Edited by Jorge Aguilar Mora, Josefa Salmón, and Barbara C. Ewell
This anthology brings together more than sixty primary texts to offer an ambitious introduction to Spanish American thought and culture. Myths, poetry, memoirs, manifestos, and fiction are translated from Spanish to English, some for the first time.
Who Owns Haiti? explores the role of international actors in the country's sovereign affairs while highlighting the ways in which Haitians continually enact their own independence on economic, political, and cultural levels.
In case studies that include the Caribbean, Latin America, and the United States, the contributors to this interdisciplinary volume trace the establishment of Islam in the Americas over the past three centuries.
Sinan Koont has spent the last several years researching urban agriculture in Cuba, including field work at many sustainable farms on the island. He tells the story of why and how Cuba was able to turn to urban food production on a large scale with minimal use of chemicals, petroleum, and machinery, and of the successes it achieved--along with the continuing difficulties it still faces in reducing its need for food imports.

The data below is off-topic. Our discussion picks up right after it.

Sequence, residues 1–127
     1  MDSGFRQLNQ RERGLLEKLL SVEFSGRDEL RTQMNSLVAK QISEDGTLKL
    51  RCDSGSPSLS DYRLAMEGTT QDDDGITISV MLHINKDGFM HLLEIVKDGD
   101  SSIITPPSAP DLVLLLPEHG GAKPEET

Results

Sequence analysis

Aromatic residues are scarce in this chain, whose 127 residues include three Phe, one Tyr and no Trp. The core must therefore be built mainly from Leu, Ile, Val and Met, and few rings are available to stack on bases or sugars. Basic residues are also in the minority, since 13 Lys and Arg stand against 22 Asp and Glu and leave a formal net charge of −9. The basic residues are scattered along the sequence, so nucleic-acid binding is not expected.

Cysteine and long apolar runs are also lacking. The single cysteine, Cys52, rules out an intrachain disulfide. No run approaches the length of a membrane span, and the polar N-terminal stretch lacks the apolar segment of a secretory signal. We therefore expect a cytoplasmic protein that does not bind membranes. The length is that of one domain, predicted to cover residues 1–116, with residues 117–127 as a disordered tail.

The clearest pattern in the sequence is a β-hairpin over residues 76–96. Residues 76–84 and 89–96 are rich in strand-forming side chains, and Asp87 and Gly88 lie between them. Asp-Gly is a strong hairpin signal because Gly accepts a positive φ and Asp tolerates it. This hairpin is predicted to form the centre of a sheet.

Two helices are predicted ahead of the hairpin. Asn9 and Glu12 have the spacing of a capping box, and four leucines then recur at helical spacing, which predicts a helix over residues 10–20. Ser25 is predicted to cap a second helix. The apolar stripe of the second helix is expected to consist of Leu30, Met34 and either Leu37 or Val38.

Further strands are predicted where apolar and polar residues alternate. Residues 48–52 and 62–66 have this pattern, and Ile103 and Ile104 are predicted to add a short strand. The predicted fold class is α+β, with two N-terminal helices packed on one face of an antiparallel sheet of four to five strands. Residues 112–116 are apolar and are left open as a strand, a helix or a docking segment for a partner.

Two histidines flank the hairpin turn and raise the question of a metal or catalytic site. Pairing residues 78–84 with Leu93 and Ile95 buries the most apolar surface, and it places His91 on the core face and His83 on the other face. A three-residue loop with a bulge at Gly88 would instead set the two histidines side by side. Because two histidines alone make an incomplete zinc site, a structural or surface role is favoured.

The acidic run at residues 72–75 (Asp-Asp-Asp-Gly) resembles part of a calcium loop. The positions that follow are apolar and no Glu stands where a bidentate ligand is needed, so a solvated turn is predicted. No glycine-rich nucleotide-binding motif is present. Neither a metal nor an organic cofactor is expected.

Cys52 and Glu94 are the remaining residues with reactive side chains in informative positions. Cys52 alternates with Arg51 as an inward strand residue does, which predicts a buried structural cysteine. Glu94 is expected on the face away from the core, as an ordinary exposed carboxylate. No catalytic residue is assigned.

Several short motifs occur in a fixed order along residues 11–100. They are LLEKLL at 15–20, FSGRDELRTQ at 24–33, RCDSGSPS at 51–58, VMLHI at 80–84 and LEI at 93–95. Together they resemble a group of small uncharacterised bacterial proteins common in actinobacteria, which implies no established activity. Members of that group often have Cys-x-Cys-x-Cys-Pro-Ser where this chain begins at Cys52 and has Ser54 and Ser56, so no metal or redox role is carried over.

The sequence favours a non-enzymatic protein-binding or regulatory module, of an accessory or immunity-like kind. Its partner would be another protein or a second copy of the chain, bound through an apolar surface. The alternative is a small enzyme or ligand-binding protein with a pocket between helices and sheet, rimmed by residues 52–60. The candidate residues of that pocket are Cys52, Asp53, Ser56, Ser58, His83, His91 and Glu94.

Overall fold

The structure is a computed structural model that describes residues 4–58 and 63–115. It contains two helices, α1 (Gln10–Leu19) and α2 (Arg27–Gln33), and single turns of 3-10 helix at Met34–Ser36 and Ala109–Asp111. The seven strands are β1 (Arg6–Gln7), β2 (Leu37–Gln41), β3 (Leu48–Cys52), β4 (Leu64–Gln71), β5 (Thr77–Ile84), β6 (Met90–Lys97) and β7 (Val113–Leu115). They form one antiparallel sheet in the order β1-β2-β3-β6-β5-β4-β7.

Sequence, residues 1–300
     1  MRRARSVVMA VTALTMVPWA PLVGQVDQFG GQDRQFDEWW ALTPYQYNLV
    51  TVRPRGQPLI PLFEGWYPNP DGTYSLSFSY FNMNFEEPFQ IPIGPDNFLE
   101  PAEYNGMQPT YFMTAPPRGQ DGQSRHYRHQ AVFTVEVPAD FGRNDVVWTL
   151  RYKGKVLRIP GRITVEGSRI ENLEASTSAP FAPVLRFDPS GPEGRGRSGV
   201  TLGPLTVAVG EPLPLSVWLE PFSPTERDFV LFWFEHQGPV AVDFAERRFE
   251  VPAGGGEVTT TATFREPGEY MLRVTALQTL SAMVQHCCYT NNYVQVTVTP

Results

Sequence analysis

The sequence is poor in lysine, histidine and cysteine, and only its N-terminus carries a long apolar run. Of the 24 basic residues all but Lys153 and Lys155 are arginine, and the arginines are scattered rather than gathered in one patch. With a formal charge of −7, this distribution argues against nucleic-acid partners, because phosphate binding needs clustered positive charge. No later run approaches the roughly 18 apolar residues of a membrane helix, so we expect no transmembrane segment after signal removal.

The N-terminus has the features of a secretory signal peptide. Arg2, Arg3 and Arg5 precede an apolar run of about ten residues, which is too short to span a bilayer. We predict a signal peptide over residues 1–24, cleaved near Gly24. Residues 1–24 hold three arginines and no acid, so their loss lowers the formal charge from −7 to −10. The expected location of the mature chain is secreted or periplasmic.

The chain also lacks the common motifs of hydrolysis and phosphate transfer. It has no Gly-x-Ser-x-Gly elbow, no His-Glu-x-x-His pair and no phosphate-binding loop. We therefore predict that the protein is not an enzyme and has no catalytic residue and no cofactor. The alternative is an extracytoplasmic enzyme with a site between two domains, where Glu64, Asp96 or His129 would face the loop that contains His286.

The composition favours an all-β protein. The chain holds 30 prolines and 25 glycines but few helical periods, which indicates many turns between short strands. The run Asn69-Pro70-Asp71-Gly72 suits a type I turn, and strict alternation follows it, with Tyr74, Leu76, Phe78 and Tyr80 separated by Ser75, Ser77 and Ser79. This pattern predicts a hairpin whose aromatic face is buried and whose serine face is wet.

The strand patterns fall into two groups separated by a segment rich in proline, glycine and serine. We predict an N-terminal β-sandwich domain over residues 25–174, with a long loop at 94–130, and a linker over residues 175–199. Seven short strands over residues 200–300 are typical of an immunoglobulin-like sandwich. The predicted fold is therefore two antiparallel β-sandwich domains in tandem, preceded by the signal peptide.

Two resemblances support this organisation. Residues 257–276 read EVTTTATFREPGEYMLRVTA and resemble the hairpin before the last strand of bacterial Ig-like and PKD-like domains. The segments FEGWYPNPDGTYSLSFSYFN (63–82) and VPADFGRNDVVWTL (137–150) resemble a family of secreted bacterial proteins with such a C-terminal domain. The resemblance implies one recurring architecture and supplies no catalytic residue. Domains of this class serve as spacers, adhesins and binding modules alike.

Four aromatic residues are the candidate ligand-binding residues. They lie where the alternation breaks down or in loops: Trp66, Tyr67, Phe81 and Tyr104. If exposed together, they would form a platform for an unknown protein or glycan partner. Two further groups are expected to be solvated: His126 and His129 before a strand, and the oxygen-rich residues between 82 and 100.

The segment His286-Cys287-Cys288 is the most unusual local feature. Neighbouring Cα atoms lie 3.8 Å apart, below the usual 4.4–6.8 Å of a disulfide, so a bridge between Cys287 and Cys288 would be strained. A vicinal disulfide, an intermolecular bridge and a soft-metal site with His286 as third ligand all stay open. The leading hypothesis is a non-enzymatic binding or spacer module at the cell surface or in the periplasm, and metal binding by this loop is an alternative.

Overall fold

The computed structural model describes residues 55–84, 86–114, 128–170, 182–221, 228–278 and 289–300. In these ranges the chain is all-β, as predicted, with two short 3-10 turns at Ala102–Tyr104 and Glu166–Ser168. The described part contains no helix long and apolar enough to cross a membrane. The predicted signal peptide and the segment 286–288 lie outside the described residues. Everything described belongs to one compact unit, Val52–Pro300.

Between the mid-nineteenth and mid-twentieth centuries, an influx of Europeans, Asians, and Arabic speakers indelibly changed the face of Latin America. While many studies of this period focus on why the immigrants came to the region, this volume addresses how the newcomers helped construct national identities in the Caribbean, Mexico, Argentina, and Brazil.
Drawing on his personal experiences as a graduate student, a Roman Catholic priest in the region and his extensive archival research, Early constructs detailed case histories of the Maya uprisings against the governments of Guatemala and Mexico, exploring Liberation Catholicism’s integral role in these rebellions as well as in the evolutions of Maya and Catholic theologies.